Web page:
From the mundane, everyday aspects of life to the fun and appealing ones. Knowing how much freedom to give our teens as they learn to navigate the world around them, with hormones and very different expectations in tow, is a challenge and a half for parents.
Our job, however, is to raise them to become independent of us. For that to happen, we need to equip them with the space and tools to do so. Loosening the reins when the fear is real is not easy. Nor is knowing quite how much those reins should be loosened.
The dreaded drink is often one of biggest fears parents have for their children. Will they consume too much? Will they end up in a dangerous situation or make poor decisions because of it? Yet, at the same time, there’s a degree of resignation, almost, that it will make up part of the teenage experience.
While 18 may be the legal age to drink, many parents choose to allow their children to either drink at a younger age at home or agree that a limited amount of alcohol may be consumed by their teens elsewhere in an attempt to demystify alcohol or limit their intake.
Mother of two, Denise allows her 15-year-old to drink a couple of cans at the weekend and on holidays. “I have always tried to be open and honest with both kids,” she says. “Both parents drink so trying not to be hypocritical and teach him to be responsible. My in-laws bought my hubby and his mates alcohol when he was 16, which – he explains – he drank at home so him and his friends were safe and his parents knew what they were drinking. I snuck out with friends and drank, unknown to my mum – or so I thought.
“I’m trying to teach him it’s not something to hide, to be open and honest with us about it, to be responsible about it and teach him to know his limitations. He had his transition year ball a few weeks ago. He met at a friend’s house before it, had a few drinks and all enjoyed themselves and had a great night. Other blokes weren’t allowed in [because] they were too drunk.”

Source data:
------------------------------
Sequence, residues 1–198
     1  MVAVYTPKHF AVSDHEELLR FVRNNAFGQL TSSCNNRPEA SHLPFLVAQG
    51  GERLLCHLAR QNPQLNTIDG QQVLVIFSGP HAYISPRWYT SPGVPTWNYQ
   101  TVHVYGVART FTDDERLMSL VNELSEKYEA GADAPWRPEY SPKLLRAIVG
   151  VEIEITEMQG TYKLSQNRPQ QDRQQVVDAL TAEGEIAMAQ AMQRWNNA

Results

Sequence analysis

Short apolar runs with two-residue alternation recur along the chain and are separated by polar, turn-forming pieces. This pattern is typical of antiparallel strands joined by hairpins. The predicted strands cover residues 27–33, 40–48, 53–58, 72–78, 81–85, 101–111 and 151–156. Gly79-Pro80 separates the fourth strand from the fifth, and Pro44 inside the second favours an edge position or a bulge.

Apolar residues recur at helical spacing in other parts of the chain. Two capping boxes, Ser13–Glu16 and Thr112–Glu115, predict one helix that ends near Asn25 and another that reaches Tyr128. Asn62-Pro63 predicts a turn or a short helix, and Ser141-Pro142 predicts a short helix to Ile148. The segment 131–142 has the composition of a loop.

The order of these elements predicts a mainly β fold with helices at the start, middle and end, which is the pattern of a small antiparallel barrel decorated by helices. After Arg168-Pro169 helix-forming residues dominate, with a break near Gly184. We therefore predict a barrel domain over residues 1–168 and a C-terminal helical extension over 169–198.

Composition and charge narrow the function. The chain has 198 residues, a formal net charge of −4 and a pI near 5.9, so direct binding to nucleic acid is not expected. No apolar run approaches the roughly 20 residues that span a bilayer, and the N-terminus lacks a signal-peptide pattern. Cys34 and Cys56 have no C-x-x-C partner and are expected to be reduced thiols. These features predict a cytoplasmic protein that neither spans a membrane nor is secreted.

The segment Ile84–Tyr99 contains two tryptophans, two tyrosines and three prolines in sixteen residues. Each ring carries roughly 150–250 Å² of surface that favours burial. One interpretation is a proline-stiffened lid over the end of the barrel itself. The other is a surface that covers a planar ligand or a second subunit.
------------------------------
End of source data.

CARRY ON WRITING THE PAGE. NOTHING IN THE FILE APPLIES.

Siobhan, who has three children, says she had different rules around alcohol for her eldest child than the ones she has now for her second child.
Her eldest was not allowed to drink at home until he was 18. She wanted to keep the idea of alcohol consumption away from the house for as long as possible because she had two younger children. She doesn’t believe, however, this means he wasn’t drinking on other occasions.
When it comes to her second child, who is now 16 and allowed the occasional drink at home, she says the “circumstances are totally different. He’s not the same and could be more easily influenced. So, better we knew than not.”
The family have also had a number of bereavements and she allowed her 16-year-old to “have one or two at the funerals”.
Mum of two, Helen, doesn’t allow her 16-year-old to drink any alcohol. “We think that if we act like we have zero tolerance it may keep him just having one or two. We feel that if we condone it, the drinking will increase,” she says. “We know we are fighting against the tide. These are the kids that didn’t even get a first year disco so they are catching up on life.
“He’s a good kid and we are glad he has friends and wants to go to parties, etc, but we’re just watching it like a hawk. Seemingly, the real worry ahead is drugs so, maybe, a beer or two won’t be the worst thing.”
The idea that facilitating teens drinking at home with have a positive impact on their drinking habits later is a myth, Dr Colman Noctor, child and adolescent psychotherapist, explains. “I know most parents give in well before the 18th birthday but we know, neurologically, that the brain is not developed enough to take on the intake of alcohol that Irish teenagers and young people do.”
Colman says ideally parents would hold out as long as possible. In addition to neurological health considerations, he adds: “The idea of allowing them to drink at home rather than drinking cans in a field or drinking beers instead of drinking shots, I’m not so sure there’s any evidence of that in terms of it creating good habits.”
“I think we have an idea of the French people on the Continent who can have two glasses of wine with their dinner. We don’t live on the Continent and we’re not French. O–.”